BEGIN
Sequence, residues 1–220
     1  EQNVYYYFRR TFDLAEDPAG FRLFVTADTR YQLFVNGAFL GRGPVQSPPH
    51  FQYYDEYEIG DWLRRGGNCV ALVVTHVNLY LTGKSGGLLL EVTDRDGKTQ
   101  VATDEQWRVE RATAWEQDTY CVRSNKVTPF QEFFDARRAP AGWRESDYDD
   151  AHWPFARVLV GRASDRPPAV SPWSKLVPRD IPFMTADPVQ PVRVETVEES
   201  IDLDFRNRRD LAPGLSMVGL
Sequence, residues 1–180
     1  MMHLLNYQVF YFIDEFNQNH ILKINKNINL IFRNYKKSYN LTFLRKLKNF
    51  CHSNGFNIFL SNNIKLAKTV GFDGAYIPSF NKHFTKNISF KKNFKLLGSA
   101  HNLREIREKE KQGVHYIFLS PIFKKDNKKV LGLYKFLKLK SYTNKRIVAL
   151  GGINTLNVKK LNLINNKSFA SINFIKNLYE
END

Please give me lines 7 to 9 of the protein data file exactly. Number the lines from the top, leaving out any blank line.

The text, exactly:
Sequence, residues 1–180
     1  MMHLLNYQVF YFIDEFNQNH ILKINKNINL IFRNYKKSYN LTFLRKLKNF
    51  CHSNGFNIFL SNNIKLAKTV GFDGAYIPSF NKHFTKNISF KKNFKLLGSA